Chicago Theatre Review
Moving On…So What?
Glory Days – Refuge Theatre Project
Four best friends from high school reunite on an empty football field a year after they’ve gone on to the colleges of their choice. Will, the musical’s perceptive narrator, and Andy, the bigmouth grandstander of the group, have become college roommates. The more mellow and openminded Skip is attending a prestigious Ivy League school while soft-spoken Jack has decided to study at yet another, unnamed university. Will reveals that, not only is it unbelievably awesome to get together with his three friends once more, but he has a secret reason for meeting on the stadium bleachers, so late at night. Will has planned a prank to revenge all the pain and embarrassment inflicted by football jocks who made their high school years so miserable. Having secured keys to the control box, Will plans to reset the timer on the sprinkler system so it’ll come on during the next big game, soaking their rivals to the skin. What Will doesn’t anticipate are the secrets and admissions that his buddies will reveal that night.
This 90-minute one-act, with a book by James Gardiner and music and lyrics by his friend Nick Blaemire, premiered in 2008 at Virginia’s Signature Theatre. Later that year it opened at Broadway’s Circle in the Square. After 17 previews, it had the distinction of closing the same night it opened, even though this slight musical might’ve actually succeeded Off Broadway at a smaller venue. And although it didn’t receive rave reviews, Refuge Theatre Project decided it would be a great choice for their second offering, having opened earlier this year with another modest musical, “Next Thing You Know.” Ross Egan and Morgan Briggs founded this company with the goal of “producing contemporary musical theatre that is free from anything extra…telling stories about people dealing with life that is meaningful and fun…shows for real people.” Based upon these two productions, it would appear that this young company is primarily dedicated to producing small-scale musicals that tell stories about their own generation, the Millennials.
Matt Dominguez has chosen to bring the audience into the story by directing his production alley style. Theatergoers are seated on either side of the playing field, while an abbreviated set of bleachers, used to create acting levels, is positioned at one end of the room. Musical Director, David Pollack, and his talented musical combo are nestled in the shadows of the other end. The young cast are all likable, age-appropriate skilled actor/singers. They include the charismatic Brad Atkinson as Will, the group’s enthusiastic leader; Roy Brown as Andy, Will’s obnoxious, braggart of a roomie; the handsome Billy Rude as the kinder, more levelheaded friend, Skip; and dashing Hunter Lindner as quiet, sensitive Jack.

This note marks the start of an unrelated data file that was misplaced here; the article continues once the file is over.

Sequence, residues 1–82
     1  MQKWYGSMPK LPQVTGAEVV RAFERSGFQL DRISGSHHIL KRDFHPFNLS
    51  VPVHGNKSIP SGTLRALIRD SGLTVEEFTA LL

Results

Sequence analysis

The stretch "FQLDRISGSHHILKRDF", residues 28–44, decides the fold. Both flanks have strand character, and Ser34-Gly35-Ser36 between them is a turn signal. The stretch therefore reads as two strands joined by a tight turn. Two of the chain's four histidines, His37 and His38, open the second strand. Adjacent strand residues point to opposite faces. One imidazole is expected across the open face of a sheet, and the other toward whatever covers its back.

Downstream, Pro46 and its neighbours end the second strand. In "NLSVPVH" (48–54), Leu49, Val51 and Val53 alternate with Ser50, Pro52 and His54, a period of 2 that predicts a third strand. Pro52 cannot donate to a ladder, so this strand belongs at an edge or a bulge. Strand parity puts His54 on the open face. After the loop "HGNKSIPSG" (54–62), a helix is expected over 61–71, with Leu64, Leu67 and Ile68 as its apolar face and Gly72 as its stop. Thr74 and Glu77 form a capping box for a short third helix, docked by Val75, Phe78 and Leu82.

This pleasant little show doesn’t really break any new ground. Its message about how teenagers change over the course of time, ultimately acknowledging their differences and eventually growing apart and moving on, is familiar territory. Blaemire’s pop-rock score is serviceable, but offers few standout moments. One exception is Jack’s soulful “Open Road,” which serves as a confessional and his coming out story. A few ensemble numbers, such as “Are You Ready?,” “Right Here” and “The Good Old Glory Type Days,” sung by the entire cast, are pleasantly tuneful and offer some welcomed harmony. Skip sums up the age group’s collective attitude in his “Generation Apathy.”And while we more-or-less know where Andy and Skip stand relative to Jack’s admission, it’s not clear in which direction Will is headed. He manages to stir up the audience, however, with his final, cathartic number, “My Next Story.”
Despite a promising cast, nicely directed and supported by first rate musicians, this musical just isn’t that unique or exceptional. It’s honest and sincere, which is its strength, but it often feels repetitious too familiar. After Jack’s story is told, his friends’ reactions aren’t really that surprising. Ultimately, most audience members will simply ask themselves, “So what?” This company does their best with the material they’ve chosen, and their mission is admirable. However, Refuge Theatre needs to find and produce shows that tell a stories about exciting characters for whom the stakes are higher.
Reviewed by Colin Douglas
Presented August 27-September 20 by the Refuge Theatre Project at the Flat Iron Arts Building, 1579 N. Milwaukee Ave., Chicago.
Tickets are available by going to www.refugetheatre.com.
Additional information about this and other area productions may be found by visiting www.theatreinchicago.com.